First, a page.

Skip to content

Corona Diaries: a bad no-hair day

April 30, 2020

Yesterday was a bit of a ratty day. I started to shout at the TV. It happened during the Downing Street briefing. I then fired off two intemperate tweets, which is rare for me. In the first I said:

I do wish that the “health advisors” at the Downing St briefings would, for once, say what they really mean: “it’s complex. You don’t understand. You will never understand. Now shut up and f**k off.”

In the second:

We are reviewing. We are considering. We are thinking. This is the sound of bureaucracy at prayer.

Which just about sums up my jaundiced view of the government’s efforts to communicate with us at this time of crisis. I actually think that the time has come to consider whether these daily briefings are helpful. Do we really need to be told the same stuff, day in, day out by an assortment of mediocre politicians and health advisers who are clearly under orders to say nothing that suggests that the government’s performance has been anything other than optimal?

Am I suffering from lockdown fatigue, or has the government run out of things to say? Either way, perhaps these briefings should take place every two or even three days. At least then there might be something new to say other than the steady thud of death statistics.

Another example of my COVID-related bile is that after repeatedly swearing that I would never consider terminating with extreme prejudice the squirrels that are scratching away in my loft and waking us up at 6am, I actually went so far as to look on the web for air rifles. That’s as far as it went, and I still don’t think that I could kill an animal in cold blood, even though I happily eat those that have been terminated with equal prejudice.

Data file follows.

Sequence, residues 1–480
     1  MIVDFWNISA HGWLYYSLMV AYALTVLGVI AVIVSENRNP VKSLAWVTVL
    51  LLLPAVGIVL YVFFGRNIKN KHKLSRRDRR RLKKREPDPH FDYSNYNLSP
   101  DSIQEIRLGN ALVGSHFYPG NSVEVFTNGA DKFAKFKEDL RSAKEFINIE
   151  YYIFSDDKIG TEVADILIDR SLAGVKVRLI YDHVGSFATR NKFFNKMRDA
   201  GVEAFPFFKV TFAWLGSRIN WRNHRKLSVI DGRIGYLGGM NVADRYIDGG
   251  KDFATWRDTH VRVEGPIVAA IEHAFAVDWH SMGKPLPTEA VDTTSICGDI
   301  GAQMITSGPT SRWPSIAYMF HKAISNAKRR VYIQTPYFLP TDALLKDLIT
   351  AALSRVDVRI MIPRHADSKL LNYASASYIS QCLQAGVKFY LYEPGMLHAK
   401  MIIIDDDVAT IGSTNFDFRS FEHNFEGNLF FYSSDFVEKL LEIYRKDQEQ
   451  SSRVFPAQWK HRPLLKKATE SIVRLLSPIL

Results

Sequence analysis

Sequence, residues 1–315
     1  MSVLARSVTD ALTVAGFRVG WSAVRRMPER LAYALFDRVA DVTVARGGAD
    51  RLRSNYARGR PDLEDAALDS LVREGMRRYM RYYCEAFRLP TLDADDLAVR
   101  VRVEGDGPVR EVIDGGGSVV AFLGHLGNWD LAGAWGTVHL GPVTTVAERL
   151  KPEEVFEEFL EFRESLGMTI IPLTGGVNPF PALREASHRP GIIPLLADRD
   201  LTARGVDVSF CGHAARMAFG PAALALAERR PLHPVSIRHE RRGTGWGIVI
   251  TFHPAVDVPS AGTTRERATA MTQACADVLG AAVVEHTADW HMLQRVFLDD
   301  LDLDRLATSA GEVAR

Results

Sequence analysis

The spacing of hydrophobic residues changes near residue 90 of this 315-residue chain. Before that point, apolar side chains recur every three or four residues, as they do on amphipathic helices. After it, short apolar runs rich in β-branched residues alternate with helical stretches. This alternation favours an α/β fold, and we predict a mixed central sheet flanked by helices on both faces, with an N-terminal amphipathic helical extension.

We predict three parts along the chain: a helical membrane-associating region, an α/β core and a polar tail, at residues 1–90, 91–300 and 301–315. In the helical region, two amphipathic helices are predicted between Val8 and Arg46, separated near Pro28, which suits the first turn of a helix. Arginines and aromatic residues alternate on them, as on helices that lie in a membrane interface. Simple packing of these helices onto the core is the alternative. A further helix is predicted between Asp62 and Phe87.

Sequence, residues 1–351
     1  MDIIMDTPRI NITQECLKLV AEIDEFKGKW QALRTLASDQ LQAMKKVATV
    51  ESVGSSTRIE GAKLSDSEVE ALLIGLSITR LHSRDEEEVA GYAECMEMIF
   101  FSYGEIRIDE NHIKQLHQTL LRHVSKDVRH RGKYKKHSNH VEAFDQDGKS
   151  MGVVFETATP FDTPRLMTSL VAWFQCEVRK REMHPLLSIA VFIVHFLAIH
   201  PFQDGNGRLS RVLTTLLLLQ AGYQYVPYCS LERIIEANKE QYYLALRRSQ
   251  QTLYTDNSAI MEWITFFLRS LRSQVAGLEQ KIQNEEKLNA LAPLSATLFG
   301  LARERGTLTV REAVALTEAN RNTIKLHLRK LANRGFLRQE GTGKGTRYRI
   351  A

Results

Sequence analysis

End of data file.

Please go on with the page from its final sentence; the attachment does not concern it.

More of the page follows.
But the fact that I even thought of the nuclear option was telling. Perhaps it would be OK if we ate the squirrels that we shot, but then the task of skinning and disembowelling them would also be beyond me, metropolitan wimp that I am. Cooking them would be no problem though, because the other day one of the readers of this blog very kindly sent me link to a website that had a recipe for squirrel stew. No so benign was the picture that accompanied it of a teenager with a very powerful-looking rifle.

It was clearly a bad no-hair day, at least on my part. What it suggests is that I’ve been watching too much TV coverage of the pandemic. And possibly too many movies featuring men with weapons who take out the bad guy with a single shot.

One upside is that overdosing on TV has given me a fresh insight into the mind of Donald Trump. It’s been reported that he spends hours every day in his bedroom searching for TV news stories about, for and against him. I imagine that the White House has cleaners who on a regular basis have to come in and wipe down his multiple screens after he’s pelted them with cheeseburgers and ketchup.

I’m reminded of the scene in Downfall in which the Fuhrer is ranting at his generals, and outside his office aides are weeping and cowering at the fearsome racket. The Trump scenario also brings to mind the last days of Robert Maxwell, and the lurid tales about the state of his bedroom before he jumped, was pushed or fell from his boat in the Mediterranean.

Fortunately we don’t live on a boat or in a bunker. And if I were to start throwing hummus or porridge at our TV I would have to do the cleaning myself or face the consequences.

Why, you might ask, do I not comfort myself with those nice natural history programmes, or shows about gardens? Because these days they rarely end without warnings that the gorillas are doomed, or that Japanese knotweed is taking over the world.

Another insight that came to me yesterday is that the dog population has multiplied during the lockdown. What’s more, they all seem to be hanging out in the park near us. In our little town we don’t have much of a problem with joggers, cyclists and sunbathers. But we do have all manner of strange dogs. Labradors with tiny sausage dog legs. Wolfpoos (or should they be called Woodles?). Saint Bernards the size of grizzly bears.

It’s as if somewhere in Surrey, the sedate English county where I live, there’s been a radiation leak nobody’s told us about. Or possibly there’s a Dr Mengele at work at the National Veterinary Laboratory, which happens to be a few miles away. Is it me, or have dogs always looked this odd?